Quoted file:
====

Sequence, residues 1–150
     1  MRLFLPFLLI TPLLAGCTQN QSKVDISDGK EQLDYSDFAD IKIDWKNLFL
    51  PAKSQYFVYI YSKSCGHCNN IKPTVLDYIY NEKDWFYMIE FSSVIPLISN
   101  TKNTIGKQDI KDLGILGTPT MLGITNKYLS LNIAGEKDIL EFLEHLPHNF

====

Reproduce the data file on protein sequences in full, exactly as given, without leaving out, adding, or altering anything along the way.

Sequence, residues 1–150
     1  MRLFLPFLLI TPLLAGCTQN QSKVDISDGK EQLDYSDFAD IKIDWKNLFL
    51  PAKSQYFVYI YSKSCGHCNN IKPTVLDYIY NEKDWFYMIE FSSVIPLISN
   101  TKNTIGKQDI KDLGILGTPT MLGITNKYLS LNIAGEKDIL EFLEHLPHNF